Introduction

In this course, part of our Professional Certificate Program in Data Science, you will learn valuable concepts in probability theory. The motivation for this course is the circumstances surrounding the financial crisis of 2007–2008. Part of what caused this financial crisis was that the risk of some securities sold by financial institutions was underestimated. To begin to understand this very complicated event, we need to understand the basics of probability. 

We will introduce important concepts such as random variables, independence, Monte Carlo simulations, expected values, standard errors, and the Central Limit Theorem. These statistical concepts are fundamental to conducting statistical tests on data and understanding whether the data you are analyzing is likely occurring due to an experimental method or to chance.

Probability theory is the mathematical foundation of statistical inference which is indispensable for analyzing data affected by chance, and thus essential for data scientists.

HarvardX has partnered with DataCamp for all assignments. This allows students to program directly in a browser-based interface. You will not need to download any special software, but an up-to-date browser is recommended.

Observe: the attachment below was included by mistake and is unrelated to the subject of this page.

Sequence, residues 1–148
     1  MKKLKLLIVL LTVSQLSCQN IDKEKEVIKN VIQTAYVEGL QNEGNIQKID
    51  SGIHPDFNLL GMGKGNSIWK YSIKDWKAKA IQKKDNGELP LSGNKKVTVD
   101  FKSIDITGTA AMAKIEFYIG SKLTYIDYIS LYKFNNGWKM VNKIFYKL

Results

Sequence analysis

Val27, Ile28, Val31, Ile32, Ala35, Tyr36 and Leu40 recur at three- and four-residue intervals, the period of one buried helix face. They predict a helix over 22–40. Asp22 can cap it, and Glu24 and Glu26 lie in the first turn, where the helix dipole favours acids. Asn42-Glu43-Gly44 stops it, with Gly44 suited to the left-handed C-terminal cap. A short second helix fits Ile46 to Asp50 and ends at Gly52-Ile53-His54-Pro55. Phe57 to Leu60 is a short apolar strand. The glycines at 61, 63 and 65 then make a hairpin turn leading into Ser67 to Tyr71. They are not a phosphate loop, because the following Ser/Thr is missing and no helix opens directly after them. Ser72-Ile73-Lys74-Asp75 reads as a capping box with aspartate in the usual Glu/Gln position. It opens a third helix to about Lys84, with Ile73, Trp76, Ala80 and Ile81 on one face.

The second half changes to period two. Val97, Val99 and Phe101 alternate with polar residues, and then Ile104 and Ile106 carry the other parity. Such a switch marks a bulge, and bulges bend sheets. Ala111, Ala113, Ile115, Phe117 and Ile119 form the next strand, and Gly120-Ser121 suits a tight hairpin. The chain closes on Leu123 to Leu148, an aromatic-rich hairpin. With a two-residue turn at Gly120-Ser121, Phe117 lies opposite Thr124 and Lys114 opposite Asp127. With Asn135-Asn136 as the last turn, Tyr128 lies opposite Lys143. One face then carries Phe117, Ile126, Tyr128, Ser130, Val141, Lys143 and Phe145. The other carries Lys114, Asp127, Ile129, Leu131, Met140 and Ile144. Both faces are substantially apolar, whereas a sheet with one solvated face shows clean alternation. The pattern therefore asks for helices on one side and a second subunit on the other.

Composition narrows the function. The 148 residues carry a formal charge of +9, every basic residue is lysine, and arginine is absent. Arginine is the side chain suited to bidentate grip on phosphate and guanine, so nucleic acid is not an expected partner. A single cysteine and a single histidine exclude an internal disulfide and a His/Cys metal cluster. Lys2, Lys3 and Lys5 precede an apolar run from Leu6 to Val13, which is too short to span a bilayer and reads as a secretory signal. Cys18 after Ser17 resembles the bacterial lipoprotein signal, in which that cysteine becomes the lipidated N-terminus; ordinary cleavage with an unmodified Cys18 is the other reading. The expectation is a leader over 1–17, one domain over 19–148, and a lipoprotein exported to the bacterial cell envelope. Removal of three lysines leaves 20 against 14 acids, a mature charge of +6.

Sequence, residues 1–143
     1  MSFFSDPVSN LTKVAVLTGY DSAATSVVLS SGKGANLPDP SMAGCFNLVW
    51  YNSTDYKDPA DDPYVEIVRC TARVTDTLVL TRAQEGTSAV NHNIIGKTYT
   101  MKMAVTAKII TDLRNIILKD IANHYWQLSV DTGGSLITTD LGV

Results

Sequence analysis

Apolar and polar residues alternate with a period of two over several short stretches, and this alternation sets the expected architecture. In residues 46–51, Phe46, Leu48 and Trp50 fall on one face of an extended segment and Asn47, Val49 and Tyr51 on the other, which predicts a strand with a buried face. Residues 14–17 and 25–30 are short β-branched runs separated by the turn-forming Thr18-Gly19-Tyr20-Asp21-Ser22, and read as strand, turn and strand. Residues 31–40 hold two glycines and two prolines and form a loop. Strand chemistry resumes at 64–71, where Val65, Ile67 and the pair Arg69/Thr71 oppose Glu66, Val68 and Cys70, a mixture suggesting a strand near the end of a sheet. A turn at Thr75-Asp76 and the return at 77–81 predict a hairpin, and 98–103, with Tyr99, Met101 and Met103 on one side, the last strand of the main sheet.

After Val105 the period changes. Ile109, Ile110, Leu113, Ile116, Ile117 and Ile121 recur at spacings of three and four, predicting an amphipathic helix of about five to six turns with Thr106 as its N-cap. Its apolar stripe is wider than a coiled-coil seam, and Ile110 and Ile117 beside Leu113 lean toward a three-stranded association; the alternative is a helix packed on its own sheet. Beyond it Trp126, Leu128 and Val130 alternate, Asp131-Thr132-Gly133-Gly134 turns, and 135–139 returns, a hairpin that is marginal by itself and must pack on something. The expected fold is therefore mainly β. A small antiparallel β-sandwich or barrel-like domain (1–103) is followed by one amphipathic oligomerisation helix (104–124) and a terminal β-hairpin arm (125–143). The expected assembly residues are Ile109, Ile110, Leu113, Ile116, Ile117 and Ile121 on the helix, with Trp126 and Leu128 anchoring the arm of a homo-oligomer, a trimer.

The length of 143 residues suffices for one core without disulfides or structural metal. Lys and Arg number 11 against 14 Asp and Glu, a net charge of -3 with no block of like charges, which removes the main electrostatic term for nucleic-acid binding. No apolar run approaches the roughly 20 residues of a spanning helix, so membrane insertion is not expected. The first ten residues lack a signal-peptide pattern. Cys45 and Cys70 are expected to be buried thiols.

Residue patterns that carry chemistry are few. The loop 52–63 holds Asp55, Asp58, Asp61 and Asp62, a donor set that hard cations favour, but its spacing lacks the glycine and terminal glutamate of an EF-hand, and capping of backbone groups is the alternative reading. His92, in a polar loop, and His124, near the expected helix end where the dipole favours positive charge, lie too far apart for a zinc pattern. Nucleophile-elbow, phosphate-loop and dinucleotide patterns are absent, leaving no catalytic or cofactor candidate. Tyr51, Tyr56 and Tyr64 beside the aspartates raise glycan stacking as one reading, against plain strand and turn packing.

What you'll learn:

  • Important concepts in probability theory including random variables and independence
  • How to perform a Monte Carlo simulation
  • The meaning of expected values and standard errors and how to compute them in R
  • The importance of the Central Limit Theorem

Meet The Faculty

Rafael Irizarry

Rafael Irizarry

Professor of Biostatistics, T.H. Chan School of Public Health

Rafael Irizarry is a Professor of Biostatistics at the Harvard T.H. Chan School of Public Health and a Professor of Biostatistics and Computational Biology at the Dana Farber Cancer Institute. For the past 15 years, Dr. Irizarry’s research has focused on the analysis of genomics data. During this time, he has also has taught several classes, all related to applied statistics. Dr. Irizarry is one of the founders of the Bioconductor Project, an open source and open development software project for the analysis of genomic data. His publications related to these topics have been highly cited and his software implementations widely downloaded.

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